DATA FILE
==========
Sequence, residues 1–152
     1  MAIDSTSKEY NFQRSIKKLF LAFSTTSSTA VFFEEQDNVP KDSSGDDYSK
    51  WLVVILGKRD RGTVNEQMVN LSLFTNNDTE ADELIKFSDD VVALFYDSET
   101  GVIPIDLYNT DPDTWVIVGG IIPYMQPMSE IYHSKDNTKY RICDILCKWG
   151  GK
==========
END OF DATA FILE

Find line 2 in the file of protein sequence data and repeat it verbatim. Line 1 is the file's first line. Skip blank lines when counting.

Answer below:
     1  MAIDSTSKEY NFQRSIKKLF LAFSTTSSTA VFFEEQDNVP KDSSGDDYSK